2.   A signature on some encapsulated text, having the
          practical purpose of allowing the certification authority
          to construct an ordinary RFC [1113+] privacy-enhanced
          message as a reply, with user-friendly encapsulated text.
          (RFC [1113+] does not provide for messages with
          certificates but no encapsulated text; and the self-
          signed certificate is not "user friendly" text.) The text
          should be something innocuous like "Hello world!"

   A requestor would typically send a certification request after
   generating a public-key/private-key pair, but may also do so after a
   change in the requestor's distinguished name.

   A certification authority signs a certificate only if both signatures
   in the certification request are valid.

   The new certificate contains the subject name and public key from the
   self-signed certificate, and an issuer name, serial number, validity
   period, and signature algorithm of the certification authority's
   choice. (The validity period may be derived from the self-signed
   certificate.) Following RFC [1114+], the issuer may be any whose
   distinguished name is superior to the subject's distinguished name,
   typically the one closest to the subject. The certification authority
   signs the certificate with the issuer's private key, then transforms
   the request into a reply containing the new certificate (see Section
   3.2 for details).

   The certification reply includes a certification path from the new
   certificate to the RFC [1114+] Internet certification authority. It
   may also include other certificates such as cross-certificates that
   the certification authority considers helpful to the requestor.


2.2 CRL Storage

   The CRL storage service stores CRLs. The service takes a CRL-storage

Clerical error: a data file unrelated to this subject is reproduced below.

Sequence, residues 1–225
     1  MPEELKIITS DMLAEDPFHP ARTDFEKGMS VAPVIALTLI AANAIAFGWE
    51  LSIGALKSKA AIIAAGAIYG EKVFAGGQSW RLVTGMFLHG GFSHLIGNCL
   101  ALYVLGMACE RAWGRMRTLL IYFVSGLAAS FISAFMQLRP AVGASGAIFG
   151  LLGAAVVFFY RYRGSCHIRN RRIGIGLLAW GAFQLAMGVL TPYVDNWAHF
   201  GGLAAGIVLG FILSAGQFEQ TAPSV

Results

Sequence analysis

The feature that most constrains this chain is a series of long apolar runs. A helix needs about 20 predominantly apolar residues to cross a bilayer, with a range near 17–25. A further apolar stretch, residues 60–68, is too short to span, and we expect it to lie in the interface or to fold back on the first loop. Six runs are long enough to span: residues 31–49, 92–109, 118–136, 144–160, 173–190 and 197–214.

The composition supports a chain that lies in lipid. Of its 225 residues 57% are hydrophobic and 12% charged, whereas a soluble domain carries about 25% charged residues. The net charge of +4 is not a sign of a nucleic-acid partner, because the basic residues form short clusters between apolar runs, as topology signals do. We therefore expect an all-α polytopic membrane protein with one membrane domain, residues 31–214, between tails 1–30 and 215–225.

request (see Section 3.3) specifying the CRLs to be stored, stores
   the CRLs, and returns a CRL-storage reply (see Section 3.4)
   acknowledging the request.




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   The certification authority stores a CRL only if its signature and
   certification path are valid, following concepts in RFC [1114+].
   (Although a certification path is not required in a CRL-storage
   request, it may help the certification authority validate the CRL.)


2.3 CRL Retrieval

   The CRL retrieval service retrieves the latest CRLs of specified
   certificate issuers. The service takes a CRL-retrieval request (see
   Section 3.5), retrieves the latest CRLs the request specifies, and
   returns a CRL-retrieval reply (see Section 3.6) containing the CRLs.

   There may be more than one "latest" CRL for a given issuer, if that
   issuer has more than one public key (see RFC [1114+] for details).

   The CRL-retrieval reply includes a certification path from each
   retrieved CRL to the RFC [1114+] Internet certification authority. It
   may also include other certificates such as cross-certificates that
   the certification authority considers helpful to the requestor.


3. Syntax

   This section describes the syntax of requests and replies for the
   three services, giving simple examples.


3.1 Certification request

   A certification request is an RFC [1113+] MIC-ONLY or MIC-CLEAR
   privacy-enhanced message containing a self-signed certificate. There
   is only one signer.

   The fields of the self-signed certificate (which has type
   Certificate, as in RFC [1114+]) are as follows:

     version is 0

     serialNumber is arbitrary; the value 0 is suggested unless the
          certification authority specifies otherwise

     signature is the algorithm by which the self-signed
          certificate is signed; it need not be the same as the
          algorithm by which the requested certificate is to be
          signed

     issuer is the requestor's distinguished name



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     validity is arbitrary; the value with start and end both at
          12:00am GMT, January 1, 1970, is suggested unless the
          certification authority specifies otherwise

     subject is the requestor's distinguished name

     subjectPublicKeyInfo is the requestor's public key

   The requestor's MIC encryption algorithm must be asymmetric (e.g.,
   RSA) and the MIC algorithm must be keyless (e.g., RSA-MD2, not MAC),
   so that anyone can verify the signature.

   Example:

   To: cert-service@ca.domain
   From: requestor@host.domain

   -----BEGIN PRIVACY-ENHANCED MESSAGE-----
   Proc-Type: 4,MIC-ONLY
   Content-Domain: RFC822
   Originator-Certificate: <requestor's self-signed certificate>
   MIC-Info: RSA,RSA-MD2,<requestor's signature on text>

   <text>
   -----END PRIVACY-ENHANCED MESSAGE-----


3.2 Certification reply

   A certification reply is an RFC [1113+] MIC-ONLY or MIC-CLEAR privacy-
   enhanced message containing a new certificate, its certification path
   to the RFC [1114+] Internet certification authority, and possibly